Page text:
Ratskin for the lady?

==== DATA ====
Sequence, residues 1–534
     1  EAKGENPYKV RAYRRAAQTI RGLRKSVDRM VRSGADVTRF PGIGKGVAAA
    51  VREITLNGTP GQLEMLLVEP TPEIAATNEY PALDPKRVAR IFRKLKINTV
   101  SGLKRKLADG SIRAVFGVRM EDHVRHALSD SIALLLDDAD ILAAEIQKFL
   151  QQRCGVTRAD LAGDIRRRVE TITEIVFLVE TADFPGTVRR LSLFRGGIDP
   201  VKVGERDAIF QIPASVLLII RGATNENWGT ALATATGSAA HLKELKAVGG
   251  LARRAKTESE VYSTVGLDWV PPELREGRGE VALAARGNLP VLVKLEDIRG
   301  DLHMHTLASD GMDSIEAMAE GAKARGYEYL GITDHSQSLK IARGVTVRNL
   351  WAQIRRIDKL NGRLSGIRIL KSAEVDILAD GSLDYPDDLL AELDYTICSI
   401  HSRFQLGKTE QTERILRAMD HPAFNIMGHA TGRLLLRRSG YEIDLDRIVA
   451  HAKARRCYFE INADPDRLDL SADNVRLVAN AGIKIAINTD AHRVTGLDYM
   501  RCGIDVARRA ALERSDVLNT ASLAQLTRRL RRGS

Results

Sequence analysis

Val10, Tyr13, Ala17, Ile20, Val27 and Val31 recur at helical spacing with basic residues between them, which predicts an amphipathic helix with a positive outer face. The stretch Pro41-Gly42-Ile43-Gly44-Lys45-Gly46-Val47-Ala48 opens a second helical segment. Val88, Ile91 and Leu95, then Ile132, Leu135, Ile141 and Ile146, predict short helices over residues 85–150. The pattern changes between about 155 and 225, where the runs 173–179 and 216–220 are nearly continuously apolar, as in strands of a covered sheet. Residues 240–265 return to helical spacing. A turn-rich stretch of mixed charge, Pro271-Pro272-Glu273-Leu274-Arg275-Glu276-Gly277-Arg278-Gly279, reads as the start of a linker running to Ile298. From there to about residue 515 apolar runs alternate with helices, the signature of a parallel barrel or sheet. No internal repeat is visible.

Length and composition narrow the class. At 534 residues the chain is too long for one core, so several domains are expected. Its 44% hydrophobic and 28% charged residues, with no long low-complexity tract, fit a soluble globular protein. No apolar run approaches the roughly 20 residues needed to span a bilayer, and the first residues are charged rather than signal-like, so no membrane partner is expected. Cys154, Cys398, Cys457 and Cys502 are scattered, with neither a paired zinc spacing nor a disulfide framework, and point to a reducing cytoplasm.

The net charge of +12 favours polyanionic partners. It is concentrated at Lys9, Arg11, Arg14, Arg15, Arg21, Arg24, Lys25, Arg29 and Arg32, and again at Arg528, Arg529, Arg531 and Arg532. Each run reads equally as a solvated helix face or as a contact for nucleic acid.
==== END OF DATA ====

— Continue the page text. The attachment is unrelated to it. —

Its 2014, blog so where have you been all this time? Why do I feel like this blog page is entering a secret room where nobody can see or hear me. I'm shut inside the coat cupboard of my childhood rubbing my cheek against the musty fur coats. They are still here. I wont throw them out in fact I have collected a few more. I was in Bergen last week and had two hours before my flight home to have a look around the historic town. It was gratifying for me to see wooden buildings much more squint and askew than the 150 year old wood and tar shed at the back of my house. I had despaired of it watching the tilt of the upper floor head seawards. Thought it was beyond the pale, but it seems not. I'm wishing now I hadn't pulled down the wee cludgie on the pier that emptied into the tide. There was me in a fit of anti-squintiness removing the old cludge because the squint ship's door, purposefully squint to fit the squint shape of sailing ship and because it wouldn't open at all. Old Bergen is full of such acceptable oddness and HSE nightmare angles of adrift foundations.Just one or two metal props here and there, some repaired clinker planks but lots of well encrusted original wood. So the old shed with its chalked boat measurements, carved signatures of long dead local boyos and lists in pencil of cwts of coal scrawled on the wall may yet have a reprieve. I still dream about it blowing away in the night in a gale.. There was a fur shop in the old town in Bergen resplendent with skins, coats, boots and hats. All manner of animal pelts. Seal was surprisingly cheap about £200 a skin for a small one. When we inherited the black shed there were gin traps and harpoons. No photographs it said in the fur shop, and we were continually watched by the shop girls. I did not buy. I have a sealskin hat made in Westray before that particular craft export ceased, sealskin slippers that Neil brought back from Canada and several fur coats that I would wear if it didnt rain so much. A sheep skin is the same to me and I have skinned a lamb and cured skins. Can you talk about fur now? At this time of year I brace myself for the winter lodgers that move in with me. The rats, they have become a feature of almost every winter. I am ultra sensitive now to hearing them moving around and scratching and of course I have seen them too. While the house was still in renovation stage they came in under the street and ran along the new pipework from the heating boiler clearly visible in unfinished parts where the plasterboard hadn't reached. I could hear them above my head in the gap between the foot-worn old floor of Wilson's shop and the false new floor laid with sterling board. We invited them in with central heating and plenty covered runways and nesting space. It's all systems go with high pitched sound emitters, electrocuting traps, cage traps, metal traps and sticky pads. Interesting the sticky pads deter them but dont stick them down - these are not lightweight lodgers I doubt. The most efficacious is the wooden neck breaking trap baited with various favourites among the rat trapping fraternity, Nutella, bacon, Turkish Delight, butter. Oh yes I can delight in the noise of the trap springing but you wont get me any where near the carcass. I become the pair of thick set legs in slippers in Tom an Jerry and cant even witness the removal of the corpse. No rat-skin gloves for me.www.fionamacinnes.co.uk